Mahjong is a popular Chinese game played with sets of tiles. Like many popular games, mahjong has many regional variations, from the Chinese prevailing wind system to American mahjong with special bingo-like scoring cards. These rules will focus on the most basic rules of mahjong, which are the same across most other variants.
How to Play Mahjong
The basic game is played with four players. There are variants with three players.
The basic game has 136 tiles, including 36 characters, 36 bamboos, and 36 circles, which are the suits. These are, in turn, divided into four sets of numbers 1 to 9 in each suit. There are also 16 wind tiles and 12 dragon tiles. Many sets also include eight bonus tiles with four flowers and four seasons, but these are not needed in the basic game.
One pair of dice is used to determine the deal. It is optional to have four racks.
The goal of the game is to get a mahjong, which consists of getting all 14 of your tiles into four sets and one pair. A pair is two identical tiles. A set can either be a "pung," which is three identical tiles, or a "chow," which is a run of three consecutive numbers in the same suit. A single tile cannot be used in two sets at once.
Determine a starting dealer. In Chinese tradition, the four wind tiles are shuffled face down and dealt to the players. Players then sit according to their tile, and sit clockwise in the order north, west, south, east. East starts as dealer. Modern players may simply roll the dice to determine the dealer.
All tiles are shuffled together, and the players build a wall of 34 face-down tiles in front of themselves, 17 tiles long and two tiles high. The result should be a large square wall of tiles in the center of the table.
The dealer rolls the dice and counts that many tiles from the right edge of her wall, and separates the wall at that point to begin dealing tiles from the left of that spot and going clockwise. Each player receives 13 tiles, with the dealer starting with an extra 14th tile.
Each player then arranges her own tiles so she can see them and other players cannot. Racks are often used for this purpose. The dealer then discards one tile, and play begins to the left of the dealer.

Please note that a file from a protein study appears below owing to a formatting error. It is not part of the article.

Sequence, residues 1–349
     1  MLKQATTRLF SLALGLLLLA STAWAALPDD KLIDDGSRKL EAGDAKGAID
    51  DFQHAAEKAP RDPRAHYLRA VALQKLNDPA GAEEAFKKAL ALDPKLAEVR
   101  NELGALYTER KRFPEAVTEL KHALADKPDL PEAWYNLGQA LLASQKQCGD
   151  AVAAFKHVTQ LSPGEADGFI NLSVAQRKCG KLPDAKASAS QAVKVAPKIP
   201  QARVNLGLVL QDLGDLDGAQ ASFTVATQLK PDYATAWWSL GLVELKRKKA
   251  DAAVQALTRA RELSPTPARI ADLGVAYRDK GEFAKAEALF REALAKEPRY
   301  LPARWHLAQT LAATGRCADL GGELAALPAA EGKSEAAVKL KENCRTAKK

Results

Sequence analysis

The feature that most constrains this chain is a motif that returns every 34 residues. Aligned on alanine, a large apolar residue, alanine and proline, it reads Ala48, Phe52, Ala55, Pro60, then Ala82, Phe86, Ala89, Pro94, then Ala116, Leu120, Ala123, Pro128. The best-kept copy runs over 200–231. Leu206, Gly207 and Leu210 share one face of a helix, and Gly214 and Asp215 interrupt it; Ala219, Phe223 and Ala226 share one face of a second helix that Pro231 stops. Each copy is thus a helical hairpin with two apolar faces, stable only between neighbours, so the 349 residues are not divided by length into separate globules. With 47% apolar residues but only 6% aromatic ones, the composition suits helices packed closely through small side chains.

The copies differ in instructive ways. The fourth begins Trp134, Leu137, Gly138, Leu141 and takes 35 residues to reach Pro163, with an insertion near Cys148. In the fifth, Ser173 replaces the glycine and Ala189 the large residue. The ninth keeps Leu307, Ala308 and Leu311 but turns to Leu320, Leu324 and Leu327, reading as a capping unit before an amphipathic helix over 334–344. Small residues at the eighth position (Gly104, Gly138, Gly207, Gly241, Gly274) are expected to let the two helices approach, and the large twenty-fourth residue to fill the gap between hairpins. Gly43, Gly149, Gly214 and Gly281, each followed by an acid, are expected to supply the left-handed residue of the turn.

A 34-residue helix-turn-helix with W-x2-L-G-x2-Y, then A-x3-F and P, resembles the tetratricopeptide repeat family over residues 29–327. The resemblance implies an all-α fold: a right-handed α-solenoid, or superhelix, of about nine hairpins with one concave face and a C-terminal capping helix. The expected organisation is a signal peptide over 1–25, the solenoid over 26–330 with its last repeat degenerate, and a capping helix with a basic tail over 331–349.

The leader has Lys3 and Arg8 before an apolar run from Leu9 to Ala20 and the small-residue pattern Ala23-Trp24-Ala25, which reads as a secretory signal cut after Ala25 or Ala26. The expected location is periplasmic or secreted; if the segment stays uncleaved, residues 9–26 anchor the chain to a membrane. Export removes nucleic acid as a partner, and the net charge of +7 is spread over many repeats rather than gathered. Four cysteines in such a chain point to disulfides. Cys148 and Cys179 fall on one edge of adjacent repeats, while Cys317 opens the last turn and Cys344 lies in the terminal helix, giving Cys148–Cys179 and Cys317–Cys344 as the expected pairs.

Before your turn, you must give other players a few seconds to claim the most recently discarded tile.
First priority goes to any player who can claim the discarded tile to complete a mahjong. A player who can do this claims the tile, then reveals the winning hand of 14 tiles.
Failing that, any player can claim the discarded tile to complete a pung. The player says "pung", and then reveals the two matching tiles that match the discard. For example, if the discarded tile was the 7 of bamboo, and the player had two more bamboo 7s on the rack, that player would call "pung". When calling pung, a player turns the completed pung (with all three bamboo 7s, in this case) face-up, discards a different tile, and the turn passes to the right.
If nobody claims the discarded tile but it completes a chow for you, you may claim it at the beginning of your turn by saying "chow". You then must turn your chow face-up, revealing the completed run (e.g. 5, 6, 7 of bamboo) as in the pung example above. You then discard a different tile and play continues as normal.
If the discard does not complete a set for you, then on your turn you draw the next tile from the wall (going left). Unless this gives you a mahjong, you then discard a tile face-up.
Note that only the most recently discarded tile can be claimed.
Some players also play with a "Kong", which is four of the same tile (like an extended pung). The same rules for claiming a discarded tile apply, but any player completing a kong immediately draws an extra tile before discarding.
The hand ends when somebody declares mahjong and reveals a complete 14-tile hand of four sets and a pair.
If nobody has revealed a mahjong by the time the wall runs out of tiles, the game is considered a draw and the dealer redeals.
Simple scoring awards one point to whoever achieved the mahjong and won the hand.
Many more complex scoring arrangements exist, which vary widely by region. Bonus point scoring awards an additional point for not winning by taking a discard, or winning with the last tile in the game, or having a pung of dragons. Exponential scoring scores each pung at 2 points, which is doubled if the pung was not revealed, doubled if the pung used ones or nines, and doubled twice more if the pung was a kong.
Due to the many scoring variations, players should be careful to agree on scoring rules before a game.
Players play to a pre-determined number of points, or 16 rounds, or until players agree that they are done.
Video: The Spruce / Tim Liedtke